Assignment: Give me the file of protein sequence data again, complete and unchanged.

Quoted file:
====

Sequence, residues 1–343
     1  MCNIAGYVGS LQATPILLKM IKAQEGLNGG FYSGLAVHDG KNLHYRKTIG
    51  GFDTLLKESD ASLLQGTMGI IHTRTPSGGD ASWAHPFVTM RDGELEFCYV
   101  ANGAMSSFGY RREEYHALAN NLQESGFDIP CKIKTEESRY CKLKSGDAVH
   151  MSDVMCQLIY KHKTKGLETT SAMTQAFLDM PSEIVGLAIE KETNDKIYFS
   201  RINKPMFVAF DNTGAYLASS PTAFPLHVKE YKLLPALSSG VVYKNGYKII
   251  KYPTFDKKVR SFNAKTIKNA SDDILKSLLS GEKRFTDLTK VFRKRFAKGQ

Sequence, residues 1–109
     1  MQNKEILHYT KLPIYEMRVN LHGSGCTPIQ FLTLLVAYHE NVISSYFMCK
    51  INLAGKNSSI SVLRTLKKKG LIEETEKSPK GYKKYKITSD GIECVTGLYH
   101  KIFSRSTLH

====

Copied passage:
Sequence, residues 1–343
     1  MCNIAGYVGS LQATPILLKM IKAQEGLNGG FYSGLAVHDG KNLHYRKTIG
    51  GFDTLLKESD ASLLQGTMGI IHTRTPSGGD ASWAHPFVTM RDGELEFCYV
   101  ANGAMSSFGY RREEYHALAN NLQESGFDIP CKIKTEESRY CKLKSGDAVH
   151  MSDVMCQLIY KHKTKGLETT SAMTQAFLDM PSEIVGLAIE KETNDKIYFS
   201  RINKPMFVAF DNTGAYLASS PTAFPLHVKE YKLLPALSSG VVYKNGYKII
   251  KYPTFDKKVR SFNAKTIKNA SDDILKSLLS GEKRFTDLTK VFRKRFAKGQ

Sequence, residues 1–109
     1  MQNKEILHYT KLPIYEMRVN LHGSGCTPIQ FLTLLVAYHE NVISSYFMCK
    51  INLAGKNSSI SVLRTLKKKG LIEETEKSPK GYKKYKITSD GIECVTGLYH
   101  KIFSRSTLH